Skip to main content

A stone

Pictured above is my most prized possession. It doesn't even qualify as a stone, just a hunk of concrete. It sits on my balcony surrounded by more attractive objects, but none so relevant.

Shortly after arriving in Amsterdam in 1998 I began working in a busy ad agency in the city center. After a gruelling day at the Mac I would often stop at a coffeeshop homeward bound. It's still there on the Oude Hoogstraat, 'Pick up the Pieces' it's called. Sometimes I would smoke a joint, others not, but would always meet friendly colourful international types and chat with the staff who became good friends over the years.

Holding the door open to release the weary workers from plumes of marijuana was a large piece of concrete. After many months I inquired about it's peculiarity, it some how beckoned significance. I was told that indeed it was a very special piece of cement. The owner of the café was Kishore, an Indian Surinamer who also owned a hotel in Schneverdingen that was frequented by Germans seeking respite and recreation on the adjacent sandy beaches. As the first frantic images appeared on TV from the collapse of the wall, he was spurred on by his loyal Saxony guests to seize the moment and drive instantly to Berlin and be part of something monumental.

The block that held the door wide was the souvenir. To be precise it is half a block. Occasionally I would pop by the café to renew old acquaintances and on one such visit I noticed the chunk of history was no longer. I gawped, "where's the wall gone?". It had split in half and lost the required gravity to keep the door ajar. "What did you do with the shattered remains?", I asked. Johnnie the nephew of the proprietor, walked over to an electric meter cabinette, opened it and there they lay, two broken halves like a young lover's pendant heart. He gave me one of the blocks and so it found a new home.

Poignant enough as a story, permit me to go further. I once pointed out its significance to a visitor, he sceptically commented, "How do you know it's actually a piece of the Berlin wall"? I assured him of its provenance and how its giver was a good friend of sound credentials. My visitor gawked at me with distrust, bewilderment and even contempt. He was such a man, but the giver, like the stone itself, is a tribute to the wonder of life. Thank you Johnnie and Kishore, it will stay with me until my very death and inevitable freedom.


BC Richardson said…
Hi Pearse

A fine chunk of concrete indeed and if it was in my backyard don't think I could resist using it as a object of meditation.

DubintheDam said…
Many thanks Brian, a fine piece of stone, but my writing could be better...we do our best.

Tamsworthy said…
What a fantastic blog! I love reading about the things you have done, your life seems such an adventure! Greetings from Australia, keep up this fantastic read!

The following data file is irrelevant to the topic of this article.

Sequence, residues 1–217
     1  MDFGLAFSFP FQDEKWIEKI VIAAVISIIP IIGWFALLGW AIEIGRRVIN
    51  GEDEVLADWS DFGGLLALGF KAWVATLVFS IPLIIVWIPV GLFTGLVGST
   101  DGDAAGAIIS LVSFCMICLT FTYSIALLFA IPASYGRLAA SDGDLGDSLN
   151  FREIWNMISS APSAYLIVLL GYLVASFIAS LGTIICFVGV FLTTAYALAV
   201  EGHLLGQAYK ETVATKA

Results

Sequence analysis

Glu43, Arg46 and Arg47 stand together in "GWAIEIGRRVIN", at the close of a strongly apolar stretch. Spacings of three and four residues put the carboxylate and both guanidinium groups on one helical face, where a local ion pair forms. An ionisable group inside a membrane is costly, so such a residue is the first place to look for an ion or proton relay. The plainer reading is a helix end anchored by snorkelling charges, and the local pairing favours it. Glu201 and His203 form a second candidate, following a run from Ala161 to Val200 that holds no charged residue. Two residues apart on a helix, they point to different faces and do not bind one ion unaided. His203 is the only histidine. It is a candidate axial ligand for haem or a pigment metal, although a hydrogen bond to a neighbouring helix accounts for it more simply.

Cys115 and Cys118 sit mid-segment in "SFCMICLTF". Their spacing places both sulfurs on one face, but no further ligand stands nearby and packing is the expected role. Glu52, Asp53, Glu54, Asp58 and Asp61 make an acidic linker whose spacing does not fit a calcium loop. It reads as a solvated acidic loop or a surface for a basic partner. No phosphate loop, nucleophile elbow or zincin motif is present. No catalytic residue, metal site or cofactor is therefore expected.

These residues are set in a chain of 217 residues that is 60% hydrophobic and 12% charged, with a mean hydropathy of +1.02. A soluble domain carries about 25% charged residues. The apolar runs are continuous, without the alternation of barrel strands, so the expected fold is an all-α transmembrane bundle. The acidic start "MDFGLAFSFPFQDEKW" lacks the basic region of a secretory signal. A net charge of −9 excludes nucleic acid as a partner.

Popular posts from this blog


Some of you may notice that I have deleted a few posts. These in general where some of my more contentious writings with regard to my frustrations being a 'outsider' in the Netherlands. As with most things in life one needs to review and reassess at various stages. Some of these postings generated a healthy amount of comment, but this perhaps is just indicative of how people can more easily relate to critical editorial. The world press is full of such editorial writings. We read such articles on global politics whilst nodding internally in agreement, confirming our belief that we some how understand the complexities of human suffering better than those who actually live in such situations on a daily and all too real bases.

I've decided that should I post a critical comment, then I should always accompany it with a positive one because in reality that is how things are.

In addition, as a man who has worked in advertising for many years I'm all too aware of my 'brand…

An ex-pat I shall always be

I recently visited the ex-pupils Facebook page from my old boarding school. I hope some old chums will post me, however I only resided at the Franciscan secondary school for three years and not the normal full five years so perhaps any imprinted memory may be somewhat vague. I ponder that I've kept moving on for most of my life. I guess I was born an ex-pat, whenever I return to Ireland to visit my parents I get the feeling that I've been here, I've done this. Am I a stone that gathers no moss? I suspect not. It's just that the moss has many coloured hues.

At the age of 16 I realized that remaining in boarding school would stunt my preparation for adult life. By 17 my girlfriend would sleep over, by 18 I knew my future would be founded in work and travel and not taking notes in a lecture hall. At 19 I had grown disillusioned with advertising and commerce and joined the Army. By 20 I was in London. By 24 I had bought my first house and was a junior partner in business. …

"You're not like me..."

Elections loom in the swamp, local elections that is. I will probably vote for the Animal Party or the Greenlinks Party, the third - yet to be decided option - being the Muslim Party! So why would an Irish Buddhist be voting for a Muslim party. Well there has been a huge shift towards the right here in the Netherlands. I believe it stems from a inherent xenophobia which arises from a society where conformity is a golden rule. In order to conform one must know what is normal and what is not normal. Being different is only tolerated if it falls into a 'normal' category of excepted creativity or artist behavior. Unique in western society today the Dutch not only steer well clear of abnormality but they exude great suspicion towards it. A finger will be pointed at anybody who does not fall into a strict Calvinistic version of behavior. This really cuts to the degenerative aspect of Dutch society, it needs to destroy what is not excepted in order to justify it's own dull medioc…